“How can I paint more loosely?” is a question I often receive. One of the answers is that you must learn to draw loosely before you can paint loosely. They go hand in hand! In this blog post, I’ll share 5 ways to loosen up your art and explore new creative avenues. Let’s dive in!
Table of Contents
- Tip #1: Be Comfortable with “Wasting” Art Materials
- Tip #2: Choose an Easy Subject
- Tip #3: Embrace Discomfort
- Tip #4: Try Blind Contour Drawing or Non-Dominant Hand Drawing
- Tip #5: Experiment with Different Mediums
- My Garden Art Experiment
- Final Thoughts
Tip #1: Be Comfortable with “Wasting” Art Materials
First things first, you need to be comfortable with the idea of “wasting” art materials. Remember, it’s not genuinely wasting if you’re learning something from the process. However, if you’re working with precious paper or a fancy sketchbook, you might hesitate to experiment and take risks. To overcome this, try using a more affordable sketchbook you are okay with filling with experimental drawings and paintings.
I’m using an A4 sketchbook with 140 gsm of regular drawing paper. This is different from the quality of paper I’m used to, but I’m comfortable with scribbling inside this way. And yes, the paper is buckling and warping with wet mediums, but it’s part of the fun!
Tip #2: Choose an Easy Subject
When you’re trying to loosen up your art, choosing a subject that’s easy to work with is helpful. While you can work on loosening up portraits and figures, starting with something more straightforward is best. Choose a subject that doesn’t move, like plants or still-life objects. This will allow you to focus on loosening your technique without the added challenge of working with a moving subject.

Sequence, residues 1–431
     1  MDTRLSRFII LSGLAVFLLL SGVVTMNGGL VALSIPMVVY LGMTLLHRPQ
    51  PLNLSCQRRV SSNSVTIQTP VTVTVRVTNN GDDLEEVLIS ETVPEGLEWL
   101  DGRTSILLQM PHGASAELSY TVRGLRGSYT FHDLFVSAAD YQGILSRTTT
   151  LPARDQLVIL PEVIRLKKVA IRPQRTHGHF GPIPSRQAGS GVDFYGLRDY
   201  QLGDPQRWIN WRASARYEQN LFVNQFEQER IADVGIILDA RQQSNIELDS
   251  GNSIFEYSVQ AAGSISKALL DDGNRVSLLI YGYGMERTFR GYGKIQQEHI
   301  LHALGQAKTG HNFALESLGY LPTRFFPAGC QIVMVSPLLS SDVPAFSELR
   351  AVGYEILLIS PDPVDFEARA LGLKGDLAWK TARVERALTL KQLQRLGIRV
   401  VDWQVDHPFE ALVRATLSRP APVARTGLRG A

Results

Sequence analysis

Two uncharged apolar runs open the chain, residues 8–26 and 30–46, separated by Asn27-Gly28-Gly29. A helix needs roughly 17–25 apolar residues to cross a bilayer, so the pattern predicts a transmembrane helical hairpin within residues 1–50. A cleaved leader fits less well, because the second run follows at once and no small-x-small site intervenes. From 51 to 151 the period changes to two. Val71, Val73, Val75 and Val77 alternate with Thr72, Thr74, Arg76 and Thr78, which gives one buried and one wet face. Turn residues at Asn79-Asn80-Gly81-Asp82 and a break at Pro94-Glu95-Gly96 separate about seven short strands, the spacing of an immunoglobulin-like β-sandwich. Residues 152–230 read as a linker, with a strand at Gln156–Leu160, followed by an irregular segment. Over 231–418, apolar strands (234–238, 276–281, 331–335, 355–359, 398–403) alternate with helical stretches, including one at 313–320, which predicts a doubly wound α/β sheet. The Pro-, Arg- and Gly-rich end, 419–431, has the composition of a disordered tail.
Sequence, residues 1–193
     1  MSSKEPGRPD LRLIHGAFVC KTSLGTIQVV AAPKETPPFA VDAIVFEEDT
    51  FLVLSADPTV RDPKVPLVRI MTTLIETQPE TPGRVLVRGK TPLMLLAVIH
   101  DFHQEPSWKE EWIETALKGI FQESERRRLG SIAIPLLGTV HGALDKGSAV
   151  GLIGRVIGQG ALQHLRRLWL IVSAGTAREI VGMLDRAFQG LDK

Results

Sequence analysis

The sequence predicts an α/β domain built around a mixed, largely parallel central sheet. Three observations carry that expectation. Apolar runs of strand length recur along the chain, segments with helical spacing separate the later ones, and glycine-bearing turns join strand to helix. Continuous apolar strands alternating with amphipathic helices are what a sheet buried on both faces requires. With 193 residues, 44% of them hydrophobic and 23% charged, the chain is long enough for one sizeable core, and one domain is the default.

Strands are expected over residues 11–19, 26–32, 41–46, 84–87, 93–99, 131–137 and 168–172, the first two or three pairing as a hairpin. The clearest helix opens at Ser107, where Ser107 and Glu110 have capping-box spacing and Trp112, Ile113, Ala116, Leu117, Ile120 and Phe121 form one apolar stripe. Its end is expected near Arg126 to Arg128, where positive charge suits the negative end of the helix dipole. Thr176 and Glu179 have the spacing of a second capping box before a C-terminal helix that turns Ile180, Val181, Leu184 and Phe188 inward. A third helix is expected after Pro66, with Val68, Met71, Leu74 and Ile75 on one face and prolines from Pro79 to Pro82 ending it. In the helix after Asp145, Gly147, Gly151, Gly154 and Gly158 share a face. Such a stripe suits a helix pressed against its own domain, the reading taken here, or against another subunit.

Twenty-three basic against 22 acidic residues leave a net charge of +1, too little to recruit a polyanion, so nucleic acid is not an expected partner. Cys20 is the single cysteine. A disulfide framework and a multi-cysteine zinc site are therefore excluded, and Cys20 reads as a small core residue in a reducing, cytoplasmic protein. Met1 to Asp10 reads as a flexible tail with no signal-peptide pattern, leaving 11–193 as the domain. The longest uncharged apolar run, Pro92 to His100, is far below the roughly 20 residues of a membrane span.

I’m lucky to have a garden with a lot of plants inside. If you don’t, you can use house plants or photos from the internet. Try to vary your reference images on the same topic. It will give more variety to your work and make your art more interesting.
Tip #3: Embrace Discomfort
You must step out of your comfort zone to loosen up your art. This might mean changing your drawing location, using different tools, or even changing how you sit or stand while working, changing your scale, work on smaller or larger papers.
The more you can change, the easier it will be to loosen up your art.
Tip #4: Try Blind Contour Drawing or Non-Dominant Hand Drawing
Blind contour drawing and using your non-dominant hand are excellent ways to loosen up your art. While the results might not be as polished as your usual work, these techniques will help you focus on capturing the essence of your subject without getting bogged down in details.
I usually do this to warm up before a painting session. But I painted on top of those scribbles here, getting interesting results.
Tip #5: Experiment with Different Mediums
Switching up your medium is a fantastic way to loosen up your art. If you typically work with dry mediums, try using wet ones and vice versa. Experiment with different brushes, inks, and unconventional tools like palette knives or sticks.
This is also a good way to use more mediums that may take the dust off some shelves!
The more you experiment, the more you’ll discover new techniques and approaches to help you loosen up your art.
My Garden Art Experiment
I recently spent some time experimenting with different techniques in my garden. I tried various mediums, including gouache, watercolor, ink, and even stamping with leaves and strawberries. The goal was to loosen up my art and discover new ways of approaching my subjects.
After two days of experimenting, I filled my sketchbook with loose, expressive drawings and paintings. I learned that adding brush pens on top of pastels can create interesting textures and that negative painting is a technique I want to explore more.
Loosening up your art is all about embracing discomfort, experimenting with new techniques, and allowing yourself to make “messy” art. Remember, it’s not about creating perfect, polished pieces – it’s about learning and growing as an artist. So, which tip resonated with you the most? Happy experimenting!